Sudden changes in our skin should always be noted, whether it’s a new mole, beauty spot, dryness or discolouration.
Most of the time it’s nothing to worry about, but there can be occasions when one should keep monitoring the changes and report them to a doctor.
One common skin anomaly that occurs in both men and women is called actinic keratoses, otherwise known as solar keratoses.
Actinic keratoses refers to dry, scaly patches of skin, usually between 1cm to 2cm in size, that can appear anywhere on your body that is exposed to the sun.
These patches of dry skin may match your skin colour, or could appear as pink, red or brown and are commonly found on the face, scalp or arms.
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If you just have one patch, GPs might suggest waiting to see if it clears up by itself, but if you have more than one patch, or if they’re causing you pain or itchiness, you may be referred to a dermatologist.
Prescription creams or cryotherapy might be applied to treat the patches, or in extreme cases, you may have to undergo surgery to cut or scrape the patches off.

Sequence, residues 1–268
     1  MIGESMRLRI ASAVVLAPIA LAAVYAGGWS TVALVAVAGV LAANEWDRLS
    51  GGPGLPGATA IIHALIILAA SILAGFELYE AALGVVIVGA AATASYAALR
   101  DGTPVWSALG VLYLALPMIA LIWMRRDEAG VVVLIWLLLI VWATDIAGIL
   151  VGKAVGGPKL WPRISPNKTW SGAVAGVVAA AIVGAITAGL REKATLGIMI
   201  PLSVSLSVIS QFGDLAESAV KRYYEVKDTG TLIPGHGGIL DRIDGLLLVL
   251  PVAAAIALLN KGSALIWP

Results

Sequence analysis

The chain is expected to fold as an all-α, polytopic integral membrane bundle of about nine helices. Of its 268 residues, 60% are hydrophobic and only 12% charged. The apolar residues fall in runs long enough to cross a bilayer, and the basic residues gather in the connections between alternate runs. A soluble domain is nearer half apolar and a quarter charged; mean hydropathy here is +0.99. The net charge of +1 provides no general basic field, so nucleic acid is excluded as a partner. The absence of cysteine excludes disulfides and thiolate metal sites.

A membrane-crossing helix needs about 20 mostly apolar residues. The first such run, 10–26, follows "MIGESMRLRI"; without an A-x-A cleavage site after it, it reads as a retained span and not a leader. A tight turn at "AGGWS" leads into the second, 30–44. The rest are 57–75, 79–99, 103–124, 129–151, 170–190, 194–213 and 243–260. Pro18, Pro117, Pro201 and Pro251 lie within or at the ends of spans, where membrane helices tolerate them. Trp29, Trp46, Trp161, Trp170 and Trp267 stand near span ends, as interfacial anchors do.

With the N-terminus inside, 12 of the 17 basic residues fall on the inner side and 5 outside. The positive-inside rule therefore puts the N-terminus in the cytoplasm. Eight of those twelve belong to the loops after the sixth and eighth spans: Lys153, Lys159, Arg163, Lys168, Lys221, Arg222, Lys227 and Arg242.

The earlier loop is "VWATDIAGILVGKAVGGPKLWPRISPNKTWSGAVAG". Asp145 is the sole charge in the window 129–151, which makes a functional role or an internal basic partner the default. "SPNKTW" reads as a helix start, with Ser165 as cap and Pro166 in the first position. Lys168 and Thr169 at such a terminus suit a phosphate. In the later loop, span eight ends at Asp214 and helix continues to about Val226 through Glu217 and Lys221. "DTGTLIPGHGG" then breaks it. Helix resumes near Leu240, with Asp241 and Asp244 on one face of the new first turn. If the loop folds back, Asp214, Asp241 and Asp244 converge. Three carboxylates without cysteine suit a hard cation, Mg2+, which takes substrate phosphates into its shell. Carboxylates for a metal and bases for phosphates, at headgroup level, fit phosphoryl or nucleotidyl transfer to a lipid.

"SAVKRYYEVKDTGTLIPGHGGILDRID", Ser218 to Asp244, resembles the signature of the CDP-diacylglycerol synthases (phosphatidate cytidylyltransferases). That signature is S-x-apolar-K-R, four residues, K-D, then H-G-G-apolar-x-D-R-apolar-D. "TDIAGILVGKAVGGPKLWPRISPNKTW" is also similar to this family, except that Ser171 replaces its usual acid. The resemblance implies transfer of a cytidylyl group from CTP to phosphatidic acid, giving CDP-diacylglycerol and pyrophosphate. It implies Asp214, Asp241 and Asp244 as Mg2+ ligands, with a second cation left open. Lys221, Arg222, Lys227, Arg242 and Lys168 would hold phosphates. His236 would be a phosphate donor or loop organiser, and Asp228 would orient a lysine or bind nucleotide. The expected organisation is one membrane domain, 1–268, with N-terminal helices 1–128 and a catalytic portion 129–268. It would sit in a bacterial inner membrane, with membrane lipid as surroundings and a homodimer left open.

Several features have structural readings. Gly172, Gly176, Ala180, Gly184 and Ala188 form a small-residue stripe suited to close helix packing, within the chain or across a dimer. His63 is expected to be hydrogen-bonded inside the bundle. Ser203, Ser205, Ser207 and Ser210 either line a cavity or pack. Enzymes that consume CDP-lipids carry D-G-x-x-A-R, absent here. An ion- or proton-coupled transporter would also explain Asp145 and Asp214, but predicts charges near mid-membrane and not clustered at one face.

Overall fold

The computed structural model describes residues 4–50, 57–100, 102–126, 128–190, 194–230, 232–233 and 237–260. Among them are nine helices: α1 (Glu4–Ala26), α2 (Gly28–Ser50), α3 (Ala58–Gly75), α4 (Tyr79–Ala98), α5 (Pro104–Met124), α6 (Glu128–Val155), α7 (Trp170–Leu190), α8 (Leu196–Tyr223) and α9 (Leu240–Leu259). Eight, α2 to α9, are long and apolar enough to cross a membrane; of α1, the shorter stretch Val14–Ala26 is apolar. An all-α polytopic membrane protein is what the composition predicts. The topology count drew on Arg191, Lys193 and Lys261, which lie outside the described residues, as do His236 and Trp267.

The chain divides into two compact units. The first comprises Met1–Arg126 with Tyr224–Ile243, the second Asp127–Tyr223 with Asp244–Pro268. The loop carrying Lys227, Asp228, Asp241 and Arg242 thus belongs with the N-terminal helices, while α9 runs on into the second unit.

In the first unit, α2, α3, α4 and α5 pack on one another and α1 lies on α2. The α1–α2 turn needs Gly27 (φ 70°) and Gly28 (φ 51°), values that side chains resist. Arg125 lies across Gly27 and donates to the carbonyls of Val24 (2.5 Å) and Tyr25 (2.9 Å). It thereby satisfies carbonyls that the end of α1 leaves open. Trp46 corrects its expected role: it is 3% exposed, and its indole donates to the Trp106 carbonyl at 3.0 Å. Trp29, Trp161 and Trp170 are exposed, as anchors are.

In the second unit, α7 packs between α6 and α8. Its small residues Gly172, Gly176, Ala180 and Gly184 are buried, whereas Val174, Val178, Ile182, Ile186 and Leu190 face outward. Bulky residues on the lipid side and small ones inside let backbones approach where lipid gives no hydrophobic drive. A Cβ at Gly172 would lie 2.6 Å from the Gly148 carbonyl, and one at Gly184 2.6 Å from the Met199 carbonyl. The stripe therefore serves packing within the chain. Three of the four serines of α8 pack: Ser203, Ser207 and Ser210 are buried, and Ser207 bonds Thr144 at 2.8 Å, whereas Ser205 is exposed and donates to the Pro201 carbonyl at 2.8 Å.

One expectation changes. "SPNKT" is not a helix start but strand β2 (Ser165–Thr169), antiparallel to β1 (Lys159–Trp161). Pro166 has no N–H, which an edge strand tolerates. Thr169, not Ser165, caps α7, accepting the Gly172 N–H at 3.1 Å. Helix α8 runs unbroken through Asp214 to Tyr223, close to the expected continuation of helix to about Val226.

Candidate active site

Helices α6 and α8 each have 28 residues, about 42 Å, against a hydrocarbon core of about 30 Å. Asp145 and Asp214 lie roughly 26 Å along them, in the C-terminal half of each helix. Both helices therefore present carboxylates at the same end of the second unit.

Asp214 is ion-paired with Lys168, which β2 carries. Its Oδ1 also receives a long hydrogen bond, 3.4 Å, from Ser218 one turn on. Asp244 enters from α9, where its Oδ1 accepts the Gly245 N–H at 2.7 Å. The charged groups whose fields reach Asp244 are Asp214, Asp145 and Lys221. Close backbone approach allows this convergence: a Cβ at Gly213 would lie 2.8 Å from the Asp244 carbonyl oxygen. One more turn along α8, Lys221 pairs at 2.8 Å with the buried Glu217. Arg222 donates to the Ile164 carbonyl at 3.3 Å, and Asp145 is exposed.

Owing to the fact that actinic keratoses is often caused by over-exposure to the sun, continuing to expose the patches to the sun could potentially aggravate it, and even cause it to become cancerous.
Sunbeds and sun lamps should also be avoided for this reason, and sun cream should be applied to the patches whenever going out in the sun.
According to theSkin Cancer Foundation , only around 5-10 percent of actinic keratoses cases turn into skin cancer, but the vast majority of squamous cell carcinomas start off as actinic keratoses, and that’s why it’s best to see a dermatologist right away.
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